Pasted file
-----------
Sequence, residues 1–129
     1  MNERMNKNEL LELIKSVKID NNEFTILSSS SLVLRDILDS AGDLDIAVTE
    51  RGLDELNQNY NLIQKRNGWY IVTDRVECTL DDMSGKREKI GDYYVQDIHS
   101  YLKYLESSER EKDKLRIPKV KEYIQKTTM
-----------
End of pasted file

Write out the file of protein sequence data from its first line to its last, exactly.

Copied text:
Sequence, residues 1–129
     1  MNERMNKNEL LELIKSVKID NNEFTILSSS SLVLRDILDS AGDLDIAVTE
    51  RGLDELNQNY NLIQKRNGWY IVTDRVECTL DDMSGKREKI GDYYVQDIHS
   101  YLKYLESSER EKDKLRIPKV KEYIQKTTM